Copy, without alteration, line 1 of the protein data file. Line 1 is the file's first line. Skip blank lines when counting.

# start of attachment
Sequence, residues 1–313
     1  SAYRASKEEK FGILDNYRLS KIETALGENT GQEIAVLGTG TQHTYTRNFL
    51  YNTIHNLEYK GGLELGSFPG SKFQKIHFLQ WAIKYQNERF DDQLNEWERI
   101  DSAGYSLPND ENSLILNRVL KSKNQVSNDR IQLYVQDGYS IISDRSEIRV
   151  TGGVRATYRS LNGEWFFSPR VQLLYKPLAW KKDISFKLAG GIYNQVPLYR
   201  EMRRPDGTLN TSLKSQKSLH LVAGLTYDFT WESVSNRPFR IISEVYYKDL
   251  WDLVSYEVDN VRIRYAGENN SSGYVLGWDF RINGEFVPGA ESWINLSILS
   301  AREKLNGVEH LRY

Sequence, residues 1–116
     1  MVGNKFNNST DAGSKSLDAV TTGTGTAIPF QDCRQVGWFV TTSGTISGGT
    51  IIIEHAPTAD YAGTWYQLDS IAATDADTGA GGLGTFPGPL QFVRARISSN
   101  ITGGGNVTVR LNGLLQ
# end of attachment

Sequence, residues 1–313